I asked my clients if Ivanna had ever told them they she worked for an assessment centre. My clients insisted that Ivanna had lied to them and told them on multiple occasions that she worked for the insurance company and that it was critically important that she come in and meet with them.

I told my clients never to speak with Ivanna again, and told Ivanna never to contact my clients again.

When we found out who the insurer was after the initial meeting, I shared my experience at Credit Valley Hospital with the insurance adjuster. That adjuster advised me that she had never referred anything out of the file to any assessment centre or health care provider. The adjuster told me that the situation seemed very odd. I agreed. This was all very fishy.mdaf

My clients and I decided to report this incident to the Financial Services Commission of Ontario (FSCO). They have their own Fraud Tip Hotline at 1-888-5TIP-NOW. This was my first time ever reporting auto fraud/accident benefit fraud and I really didn’t know what to expect. I was passed to four different people at FSCO before I got to somebody who had an idea of what to do. I’m not sure if a formal report or formal investigation was ever completed by FSCO. I’m not sure if they reached out to Ivanna, or to Credit Valley Hospital about this. My clients and are have been kept in the dark. Chances are, nothing ever became of our complaint, and Ivanna continues to call injured accident victims in Credit Valley Hospital misrepresenting that she works for the insurance company.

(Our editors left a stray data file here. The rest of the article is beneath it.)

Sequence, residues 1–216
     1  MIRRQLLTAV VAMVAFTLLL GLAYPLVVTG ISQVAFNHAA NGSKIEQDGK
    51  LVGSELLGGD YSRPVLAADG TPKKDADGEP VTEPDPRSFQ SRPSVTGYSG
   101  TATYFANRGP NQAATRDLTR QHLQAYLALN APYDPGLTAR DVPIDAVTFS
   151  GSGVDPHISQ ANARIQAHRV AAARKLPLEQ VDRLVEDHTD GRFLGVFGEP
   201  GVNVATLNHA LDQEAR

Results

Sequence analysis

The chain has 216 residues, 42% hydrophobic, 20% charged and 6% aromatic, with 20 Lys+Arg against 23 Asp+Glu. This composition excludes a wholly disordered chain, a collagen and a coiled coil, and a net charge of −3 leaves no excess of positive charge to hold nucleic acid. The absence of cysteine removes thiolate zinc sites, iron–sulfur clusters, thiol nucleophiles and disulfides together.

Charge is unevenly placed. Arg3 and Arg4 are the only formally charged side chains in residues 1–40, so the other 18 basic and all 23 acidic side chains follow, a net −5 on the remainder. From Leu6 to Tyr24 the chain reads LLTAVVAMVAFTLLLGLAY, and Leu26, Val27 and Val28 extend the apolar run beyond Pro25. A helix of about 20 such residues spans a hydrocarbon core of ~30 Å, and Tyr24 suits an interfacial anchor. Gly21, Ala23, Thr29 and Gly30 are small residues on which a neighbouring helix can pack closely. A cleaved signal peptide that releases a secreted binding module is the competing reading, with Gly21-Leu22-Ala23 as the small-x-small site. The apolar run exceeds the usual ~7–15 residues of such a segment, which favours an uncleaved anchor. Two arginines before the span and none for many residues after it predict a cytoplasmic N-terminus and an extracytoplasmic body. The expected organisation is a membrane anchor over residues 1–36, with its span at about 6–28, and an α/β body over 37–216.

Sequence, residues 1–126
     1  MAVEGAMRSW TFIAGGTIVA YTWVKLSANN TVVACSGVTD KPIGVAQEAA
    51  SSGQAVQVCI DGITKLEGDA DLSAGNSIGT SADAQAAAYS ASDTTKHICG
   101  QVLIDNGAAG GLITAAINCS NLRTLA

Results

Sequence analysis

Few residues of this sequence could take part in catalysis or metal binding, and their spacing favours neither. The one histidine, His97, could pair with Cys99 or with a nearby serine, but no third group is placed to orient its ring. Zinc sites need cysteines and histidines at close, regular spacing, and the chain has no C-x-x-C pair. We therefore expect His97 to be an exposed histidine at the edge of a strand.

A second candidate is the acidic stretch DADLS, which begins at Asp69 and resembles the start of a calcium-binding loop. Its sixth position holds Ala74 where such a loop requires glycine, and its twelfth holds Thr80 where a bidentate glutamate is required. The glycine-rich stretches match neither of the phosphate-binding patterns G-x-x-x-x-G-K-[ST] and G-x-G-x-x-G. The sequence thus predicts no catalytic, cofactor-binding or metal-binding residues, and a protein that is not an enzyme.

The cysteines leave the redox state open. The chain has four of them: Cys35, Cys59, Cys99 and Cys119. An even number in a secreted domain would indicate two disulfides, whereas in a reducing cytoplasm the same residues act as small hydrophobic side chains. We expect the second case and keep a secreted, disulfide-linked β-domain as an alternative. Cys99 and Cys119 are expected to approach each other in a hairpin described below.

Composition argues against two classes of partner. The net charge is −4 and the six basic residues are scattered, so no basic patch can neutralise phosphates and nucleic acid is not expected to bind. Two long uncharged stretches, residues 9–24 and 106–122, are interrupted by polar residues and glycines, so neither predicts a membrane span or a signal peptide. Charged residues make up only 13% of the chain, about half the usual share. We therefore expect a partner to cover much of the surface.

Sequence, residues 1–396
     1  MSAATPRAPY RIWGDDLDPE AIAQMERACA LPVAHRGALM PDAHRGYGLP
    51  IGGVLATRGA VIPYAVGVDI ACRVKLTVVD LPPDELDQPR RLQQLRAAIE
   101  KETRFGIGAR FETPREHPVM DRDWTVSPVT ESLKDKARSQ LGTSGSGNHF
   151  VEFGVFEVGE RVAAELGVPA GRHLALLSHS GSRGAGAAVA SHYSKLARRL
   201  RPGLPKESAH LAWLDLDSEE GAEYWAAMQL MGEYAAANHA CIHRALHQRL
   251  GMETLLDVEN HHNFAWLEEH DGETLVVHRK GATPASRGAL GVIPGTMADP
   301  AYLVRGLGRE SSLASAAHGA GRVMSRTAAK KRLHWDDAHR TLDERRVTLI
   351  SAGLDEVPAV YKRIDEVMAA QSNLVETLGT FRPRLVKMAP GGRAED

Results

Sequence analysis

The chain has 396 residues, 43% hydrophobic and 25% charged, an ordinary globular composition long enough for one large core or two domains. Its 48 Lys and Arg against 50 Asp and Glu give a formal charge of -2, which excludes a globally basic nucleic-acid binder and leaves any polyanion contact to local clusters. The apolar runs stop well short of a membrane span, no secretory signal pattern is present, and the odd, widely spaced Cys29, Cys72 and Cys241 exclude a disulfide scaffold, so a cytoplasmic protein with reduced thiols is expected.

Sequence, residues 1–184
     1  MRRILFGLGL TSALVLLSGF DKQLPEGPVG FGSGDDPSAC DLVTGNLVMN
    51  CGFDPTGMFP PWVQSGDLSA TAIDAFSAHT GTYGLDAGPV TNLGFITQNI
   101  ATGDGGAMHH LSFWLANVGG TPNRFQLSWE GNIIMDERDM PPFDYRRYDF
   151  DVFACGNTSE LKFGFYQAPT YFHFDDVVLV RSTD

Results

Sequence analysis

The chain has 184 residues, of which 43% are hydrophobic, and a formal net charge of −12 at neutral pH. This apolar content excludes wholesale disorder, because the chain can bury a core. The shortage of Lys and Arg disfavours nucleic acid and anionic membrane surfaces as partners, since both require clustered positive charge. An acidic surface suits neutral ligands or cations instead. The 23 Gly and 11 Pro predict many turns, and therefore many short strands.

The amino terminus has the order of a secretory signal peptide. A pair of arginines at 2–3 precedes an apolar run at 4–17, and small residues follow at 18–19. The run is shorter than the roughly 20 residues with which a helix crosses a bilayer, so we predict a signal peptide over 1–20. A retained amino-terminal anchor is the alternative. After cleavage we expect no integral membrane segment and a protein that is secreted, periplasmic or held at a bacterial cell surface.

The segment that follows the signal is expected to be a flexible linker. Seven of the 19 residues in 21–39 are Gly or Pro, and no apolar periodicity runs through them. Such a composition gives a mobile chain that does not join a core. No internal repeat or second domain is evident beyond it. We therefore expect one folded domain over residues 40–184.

What this experience highlights is that not every fraud is a staged car accident. Auto fraud comes in many ways, shapes and forms. In this case, it was a clear lie by a non lawyer trying to get innocent unsuspecting accident victims to sign forms so that they can be retained to provide treatment and bill the insurer for their alleged services. It also came in the form of the leaking of private contact information from a source (Hospital, Paramedic, Police, Tow Truck Driver, Somebody Else?) to Ivanna without the client’s permission.

FSCO could get to the bottom of this very easily. They have Ivanna’s contact information. They know the hospital and room # where my clients were staying. Interviewing all of these people to get answers is not outside of their investigatory powers. You would think that with all of the puffery from the Insurance Bureau of Canada regarding car accident and accident benefit fraud that this problem would be taken a bit more seriously. But that doesn’t appear to be the case. Giving the appearance of being tough on fraudsters is more important than actually doing the work to ensure this sort of thing doesn’t happen again.

This sort of accident benefit fraud is likely easier, less risk and more lucrative than stagging an actual car accident. Staging a car accident can hurt and is risky business. This sort of paper fraud just requires a few people on the inside, a few lies and some signatures to get the ball rolling on people who are in a vulnerable state and unfamiliar with Ontario’s complicated system of accident benefits. The fact that accident benefits in Ontario are so complicated allows this sort of fraud to exist. People just don’t know any better because the system is so confusing and constantly changing.